Between 1999 and 2002 Grayling wrote a weekly column in The Guardian called "The Last Word", on a different topic every week. In these columns, which also formed the basis of a series of books for a general readership, commencing with The Meaning of Things in 2001, Grayling made the basics of philosophy available to the layperson. He is a regular contributor to The Guardian's "Comment is free" group blog, and writes columns for, among others, the Prospect and New Scientist magazines.
Grayling is accredited with the United Nations Human Rights Council, and is a patron of Humanists UK, an Honorary Associate of the National Secular Society, patron of the Defence Humanists, was a Trustee of the London Library, and a board member of the Society of Authors and an Honorary Patron of The Philosophy Foundation, a charity whose aim is to bring philosophy to the wider community, and particularly to disadvantaged schools. In 2003 he was a Booker Prize judge and Chairman of the Judges for the 2014 Man Booker Prize. In 2005, Grayling debated with Christian philosopher William Lane Craig on whether God can exist in an evil world.
Grayling's book on the allied strategic air offensive in World War II, Among the Dead Cities: Was the Allied Bombing of Civilians in WWII a Necessity or a Crime? (2006) was well-received as a contribution to the debate on the ethics of war. In September 2010, Grayling was one of 55 public figures who sent a letter to The Guardian expressing their opposition to Pope Benedict XVI's state visit to the UK. In August 2014, Grayling was one of 200 public figures who were signatories to a letter to The Guardian opposing Scottish independence in the run-up to September's referendum on that issue.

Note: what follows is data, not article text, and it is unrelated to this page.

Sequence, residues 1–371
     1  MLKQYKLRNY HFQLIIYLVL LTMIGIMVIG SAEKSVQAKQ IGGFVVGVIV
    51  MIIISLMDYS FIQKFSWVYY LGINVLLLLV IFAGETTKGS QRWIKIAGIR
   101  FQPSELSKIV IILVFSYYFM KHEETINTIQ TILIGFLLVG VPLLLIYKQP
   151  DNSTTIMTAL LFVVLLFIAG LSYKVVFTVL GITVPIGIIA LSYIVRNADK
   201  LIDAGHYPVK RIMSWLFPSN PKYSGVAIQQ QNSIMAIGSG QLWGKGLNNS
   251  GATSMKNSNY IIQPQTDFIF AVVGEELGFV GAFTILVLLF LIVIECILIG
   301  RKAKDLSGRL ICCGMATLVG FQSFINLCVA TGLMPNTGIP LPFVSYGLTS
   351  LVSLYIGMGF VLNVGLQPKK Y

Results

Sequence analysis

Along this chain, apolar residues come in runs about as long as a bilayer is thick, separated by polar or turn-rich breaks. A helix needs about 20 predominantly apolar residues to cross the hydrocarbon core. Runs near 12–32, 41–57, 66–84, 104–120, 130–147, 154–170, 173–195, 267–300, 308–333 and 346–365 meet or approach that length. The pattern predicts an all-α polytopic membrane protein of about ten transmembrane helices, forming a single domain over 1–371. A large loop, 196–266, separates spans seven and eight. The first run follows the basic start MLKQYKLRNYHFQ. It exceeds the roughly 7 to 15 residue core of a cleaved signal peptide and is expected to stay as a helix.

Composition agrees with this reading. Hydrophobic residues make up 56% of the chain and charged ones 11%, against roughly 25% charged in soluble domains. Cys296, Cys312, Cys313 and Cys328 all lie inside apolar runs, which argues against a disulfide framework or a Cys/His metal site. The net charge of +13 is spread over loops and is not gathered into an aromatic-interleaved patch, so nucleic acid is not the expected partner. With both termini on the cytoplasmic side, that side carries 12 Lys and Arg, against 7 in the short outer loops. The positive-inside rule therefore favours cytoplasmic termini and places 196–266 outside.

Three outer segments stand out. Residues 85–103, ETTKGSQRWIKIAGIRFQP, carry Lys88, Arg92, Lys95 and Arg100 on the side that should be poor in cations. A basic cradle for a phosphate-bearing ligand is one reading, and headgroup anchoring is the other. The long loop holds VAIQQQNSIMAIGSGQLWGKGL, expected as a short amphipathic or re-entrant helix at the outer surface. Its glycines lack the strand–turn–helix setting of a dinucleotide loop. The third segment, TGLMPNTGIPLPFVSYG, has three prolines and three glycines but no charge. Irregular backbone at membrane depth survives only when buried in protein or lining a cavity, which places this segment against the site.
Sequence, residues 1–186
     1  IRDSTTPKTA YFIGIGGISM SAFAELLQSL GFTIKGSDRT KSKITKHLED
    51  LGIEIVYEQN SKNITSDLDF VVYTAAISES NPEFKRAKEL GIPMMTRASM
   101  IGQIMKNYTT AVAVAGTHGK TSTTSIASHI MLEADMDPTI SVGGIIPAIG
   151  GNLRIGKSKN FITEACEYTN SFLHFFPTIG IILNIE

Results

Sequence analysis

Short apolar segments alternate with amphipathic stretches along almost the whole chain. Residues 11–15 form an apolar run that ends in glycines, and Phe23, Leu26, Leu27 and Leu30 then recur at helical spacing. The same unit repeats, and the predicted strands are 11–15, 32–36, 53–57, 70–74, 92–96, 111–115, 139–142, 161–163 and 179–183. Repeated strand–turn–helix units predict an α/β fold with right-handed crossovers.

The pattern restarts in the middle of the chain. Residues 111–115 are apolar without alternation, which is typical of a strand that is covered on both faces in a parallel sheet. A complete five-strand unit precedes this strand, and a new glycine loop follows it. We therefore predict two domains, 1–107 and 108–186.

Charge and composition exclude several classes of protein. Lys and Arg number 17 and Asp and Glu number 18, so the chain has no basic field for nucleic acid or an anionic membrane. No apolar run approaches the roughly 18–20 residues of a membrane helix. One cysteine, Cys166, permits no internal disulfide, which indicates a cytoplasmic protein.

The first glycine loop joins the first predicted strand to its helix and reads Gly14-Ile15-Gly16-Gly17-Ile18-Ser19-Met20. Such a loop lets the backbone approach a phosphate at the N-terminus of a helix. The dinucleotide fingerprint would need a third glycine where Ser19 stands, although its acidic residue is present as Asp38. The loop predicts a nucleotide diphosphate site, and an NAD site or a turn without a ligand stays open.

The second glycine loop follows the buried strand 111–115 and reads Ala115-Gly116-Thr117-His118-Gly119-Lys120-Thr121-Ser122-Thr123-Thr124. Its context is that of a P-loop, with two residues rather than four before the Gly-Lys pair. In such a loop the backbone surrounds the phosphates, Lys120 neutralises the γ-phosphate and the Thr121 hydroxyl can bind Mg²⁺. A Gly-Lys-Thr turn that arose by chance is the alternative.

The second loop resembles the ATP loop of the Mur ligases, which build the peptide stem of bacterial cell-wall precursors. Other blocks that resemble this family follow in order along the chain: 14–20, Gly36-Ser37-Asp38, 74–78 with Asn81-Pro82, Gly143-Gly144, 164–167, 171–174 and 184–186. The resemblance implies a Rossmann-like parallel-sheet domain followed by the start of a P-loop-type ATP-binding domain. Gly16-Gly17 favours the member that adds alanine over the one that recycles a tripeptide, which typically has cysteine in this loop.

A. C. Grayling was one of the contributors to the book, We Are One: A Celebration of Tribal Peoples, released in October 2009. The book explores the cultures of peoples around the world, portraying both their diversity and the threats they face. Other contributors included not only western writers, such as Laurens van der Post, Noam Chomsky, Claude Lévi-Strauss, but also indigenous people, such as Davi Kopenawa Yanomami and Roy Sesana. The royalties from the sale of this book go to the indigenous rights organisation, Survival International.
Grayling lives in Peckham with his wife, novelist Katie Hickman. They have a daughter, Madeleine, and a stepson, Luke, who both attend boarding schools. Grayling also has two adult children from his first marriage, Jolyon and Georgina.
- Fellow of the Royal Society of Literature
- Fellow of the Royal Society of Arts
- Fellow of the World Economic Forum (2000–2004)
- Member of the editorial boards of Reason in Practice and Prospect
- British Academy visitor to the Institute of Philosophy at the Chinese Academy of Social Sciences (1986)
- Director of the Sino-British Summer School in Philosophy in Beijing (1988, 1993)
- Jan Hus Visiting Fellow at the Institute of Philosophy at the Academy of Sciences of the Czech Republic (1994 and 1996)
- Leverhulme Trust Research Fellowship (1998)
- Honorary Secretary of the Aristotelian Society (1993–2001)
- Gifford Lecturer at the University of Glasgow (2005)
- Past chairman of June Fourth, a human rights group concerned with China
- Honorary Associate of the National Secular Society
- Patron of the British Armed Forces Humanist Association UK Armed Forces Humanist Association (UKAFHA)
- Representative to the UN Human Rights Council for the International Humanist and Ethical Union
- Vice-president, British Humanist Association. In June 2011, it was announced that he had decided not to take up the position of President of the BHA.
- Member of the C1 World Dialogue group on relations between Islam and the West